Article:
Because they regard not the works of the LORD, nor the operation of his hands, he shall destroy them, and not build them up.(5) The works of the Lord, nor the operation of his hands—i.e., His strict and even-handed justice, which the wicked forget or, deceived by appearances (Isaiah 5:19), ignore. For the contrast between “build up” and “pull down,” compare Jeremiah 42:10. This verse is in that prophet’s style (Jeremiah 1:10; Jeremiah 18:9).
Blessed be the LORD, because he hath heard the voice of my supplications.(6) This burst of thanksgiving, breaking in on the poet’s prayer, has led to the supposition that an interval elapsed between the composition of the former part of the psalm and this verse, and that the writer takes up his pen to record the answer his supplications have received. Others regard the psalm as composed by the union of two distinct pieces. Others again treat Psalm 28:6 as an interpolation. It certainly seems discordant with the rhythm as well as with the sense of the rest.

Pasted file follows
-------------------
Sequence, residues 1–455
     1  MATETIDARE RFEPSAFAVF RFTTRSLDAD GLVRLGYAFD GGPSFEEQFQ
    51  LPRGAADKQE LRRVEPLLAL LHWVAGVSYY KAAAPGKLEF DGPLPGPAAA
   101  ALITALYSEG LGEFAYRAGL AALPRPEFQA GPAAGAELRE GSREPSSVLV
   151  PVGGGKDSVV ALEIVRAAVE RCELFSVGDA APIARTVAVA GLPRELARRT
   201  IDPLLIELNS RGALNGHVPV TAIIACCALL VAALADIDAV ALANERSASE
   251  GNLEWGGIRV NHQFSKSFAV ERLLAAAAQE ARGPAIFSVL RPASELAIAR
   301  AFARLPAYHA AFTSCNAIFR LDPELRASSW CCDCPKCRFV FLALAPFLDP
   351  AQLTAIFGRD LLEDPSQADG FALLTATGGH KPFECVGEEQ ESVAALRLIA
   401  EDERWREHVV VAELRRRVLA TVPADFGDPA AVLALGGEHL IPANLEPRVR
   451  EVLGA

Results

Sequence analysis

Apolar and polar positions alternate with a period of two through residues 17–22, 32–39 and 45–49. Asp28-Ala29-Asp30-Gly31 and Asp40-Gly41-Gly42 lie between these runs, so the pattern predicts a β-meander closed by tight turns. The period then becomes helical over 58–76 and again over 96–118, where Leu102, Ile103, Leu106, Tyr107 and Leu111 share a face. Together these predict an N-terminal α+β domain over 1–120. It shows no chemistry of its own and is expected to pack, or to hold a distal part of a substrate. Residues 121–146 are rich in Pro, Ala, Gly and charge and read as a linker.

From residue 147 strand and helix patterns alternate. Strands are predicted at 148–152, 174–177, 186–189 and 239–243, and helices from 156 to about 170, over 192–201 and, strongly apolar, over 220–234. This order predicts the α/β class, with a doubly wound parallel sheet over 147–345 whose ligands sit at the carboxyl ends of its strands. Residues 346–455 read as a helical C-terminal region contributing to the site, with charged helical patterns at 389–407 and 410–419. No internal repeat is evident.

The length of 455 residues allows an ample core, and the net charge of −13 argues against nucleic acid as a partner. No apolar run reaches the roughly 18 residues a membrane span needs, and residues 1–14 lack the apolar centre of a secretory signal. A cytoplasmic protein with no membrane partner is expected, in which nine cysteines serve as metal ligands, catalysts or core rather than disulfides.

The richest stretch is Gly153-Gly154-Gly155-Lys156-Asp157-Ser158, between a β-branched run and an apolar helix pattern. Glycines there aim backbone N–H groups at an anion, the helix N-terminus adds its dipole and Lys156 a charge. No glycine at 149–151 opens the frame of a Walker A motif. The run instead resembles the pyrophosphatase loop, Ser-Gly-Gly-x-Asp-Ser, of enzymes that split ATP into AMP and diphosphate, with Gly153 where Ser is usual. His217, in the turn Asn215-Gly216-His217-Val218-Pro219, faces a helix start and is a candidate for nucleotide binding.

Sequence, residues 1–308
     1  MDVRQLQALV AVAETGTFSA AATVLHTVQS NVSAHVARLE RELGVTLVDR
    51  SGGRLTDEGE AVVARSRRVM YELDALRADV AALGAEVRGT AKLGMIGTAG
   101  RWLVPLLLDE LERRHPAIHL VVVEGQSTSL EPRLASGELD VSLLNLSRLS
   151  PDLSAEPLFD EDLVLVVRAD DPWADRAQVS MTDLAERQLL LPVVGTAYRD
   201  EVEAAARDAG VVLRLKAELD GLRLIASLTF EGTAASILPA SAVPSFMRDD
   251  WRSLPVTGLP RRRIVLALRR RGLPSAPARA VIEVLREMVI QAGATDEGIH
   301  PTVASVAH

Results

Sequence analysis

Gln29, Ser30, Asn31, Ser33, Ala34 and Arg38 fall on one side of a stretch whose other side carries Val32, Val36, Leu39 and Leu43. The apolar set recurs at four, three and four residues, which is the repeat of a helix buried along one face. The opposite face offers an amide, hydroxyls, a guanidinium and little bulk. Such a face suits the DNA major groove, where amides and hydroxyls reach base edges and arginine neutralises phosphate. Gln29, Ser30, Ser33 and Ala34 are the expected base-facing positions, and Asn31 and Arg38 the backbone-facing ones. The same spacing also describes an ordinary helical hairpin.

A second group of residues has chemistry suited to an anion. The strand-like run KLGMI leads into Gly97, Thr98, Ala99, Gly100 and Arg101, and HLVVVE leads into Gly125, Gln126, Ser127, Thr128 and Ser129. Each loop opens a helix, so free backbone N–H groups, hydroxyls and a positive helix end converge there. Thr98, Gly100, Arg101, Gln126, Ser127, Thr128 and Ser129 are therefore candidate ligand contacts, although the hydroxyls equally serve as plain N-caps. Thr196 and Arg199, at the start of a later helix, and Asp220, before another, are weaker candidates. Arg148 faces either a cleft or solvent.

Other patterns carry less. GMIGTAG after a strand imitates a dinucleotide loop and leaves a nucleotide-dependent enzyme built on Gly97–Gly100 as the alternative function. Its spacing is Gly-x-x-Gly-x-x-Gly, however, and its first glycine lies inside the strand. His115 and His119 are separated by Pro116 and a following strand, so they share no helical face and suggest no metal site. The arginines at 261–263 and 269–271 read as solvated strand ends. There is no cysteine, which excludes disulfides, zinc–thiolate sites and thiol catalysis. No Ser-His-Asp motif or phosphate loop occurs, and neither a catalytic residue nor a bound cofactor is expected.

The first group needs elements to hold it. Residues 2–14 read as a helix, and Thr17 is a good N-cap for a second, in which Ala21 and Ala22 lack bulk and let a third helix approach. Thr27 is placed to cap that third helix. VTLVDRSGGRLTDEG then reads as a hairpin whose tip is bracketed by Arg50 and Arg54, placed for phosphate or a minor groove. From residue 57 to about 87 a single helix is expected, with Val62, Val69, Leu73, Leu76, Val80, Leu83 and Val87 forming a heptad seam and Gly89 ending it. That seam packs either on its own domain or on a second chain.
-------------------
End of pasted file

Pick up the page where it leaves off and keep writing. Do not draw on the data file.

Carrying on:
The LORD is my strength and my shield; my heart trusted in him, and I am helped: therefore my heart greatly rejoiceth; and with my song will I praise him.(7) Therefore my heart greatly rejoiceth.—Better, danceth for joy, as in the Prayer Book. Another possible translation is, “And when I have been helped my heart will dance for joy.”
With my song.—Literally, from my song, but the reading is doubtful. The LXX. have “my flesh has flourished,” which is probably correct.
The LORD is their strength, and he is the saving strength of his anointed.(8) Their strength—i.e., the strength of His people, who are throughout in the poet’s thought, even if it is the individual and not the community that speaks. The LXX. and Vulg. read (comp. Psalm 29:11) “to his people.”
Saving strength.—Better, stronghold of salvation. (See margin.)
Save thy people, and bless thine inheritance: feed them also, and lift them up for ever.(9) Feed . . . lift them up.—These words suggest comparison with Isaiah 40:11; Isaiah 63:9. The incorporation of this petition in the Te Deum is one of those interesting facts that link the Christian worship with the Jewish.